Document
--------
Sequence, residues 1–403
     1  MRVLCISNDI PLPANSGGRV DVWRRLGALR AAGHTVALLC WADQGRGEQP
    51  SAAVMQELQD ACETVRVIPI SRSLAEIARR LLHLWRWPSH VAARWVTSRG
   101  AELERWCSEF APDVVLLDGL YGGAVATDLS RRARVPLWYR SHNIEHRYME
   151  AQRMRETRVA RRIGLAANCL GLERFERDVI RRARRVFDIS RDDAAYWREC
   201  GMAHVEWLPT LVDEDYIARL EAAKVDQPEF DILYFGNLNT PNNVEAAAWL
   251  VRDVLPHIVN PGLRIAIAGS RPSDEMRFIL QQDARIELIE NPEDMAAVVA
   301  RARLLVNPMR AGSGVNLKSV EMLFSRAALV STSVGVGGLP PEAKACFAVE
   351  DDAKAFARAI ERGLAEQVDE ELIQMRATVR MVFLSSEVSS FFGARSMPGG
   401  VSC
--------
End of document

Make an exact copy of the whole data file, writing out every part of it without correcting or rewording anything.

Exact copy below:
Sequence, residues 1–403
     1  MRVLCISNDI PLPANSGGRV DVWRRLGALR AAGHTVALLC WADQGRGEQP
    51  SAAVMQELQD ACETVRVIPI SRSLAEIARR LLHLWRWPSH VAARWVTSRG
   101  AELERWCSEF APDVVLLDGL YGGAVATDLS RRARVPLWYR SHNIEHRYME
   151  AQRMRETRVA RRIGLAANCL GLERFERDVI RRARRVFDIS RDDAAYWREC
   201  GMAHVEWLPT LVDEDYIARL EAAKVDQPEF DILYFGNLNT PNNVEAAAWL
   251  VRDVLPHIVN PGLRIAIAGS RPSDEMRFIL QQDARIELIE NPEDMAAVVA
   301  RARLLVNPMR AGSGVNLKSV EMLFSRAALV STSVGVGGLP PEAKACFAVE
   351  DDAKAFARAI ERGLAEQVDE ELIQMRATVR MVFLSSEVSS FFGARSMPGG
   401  VSC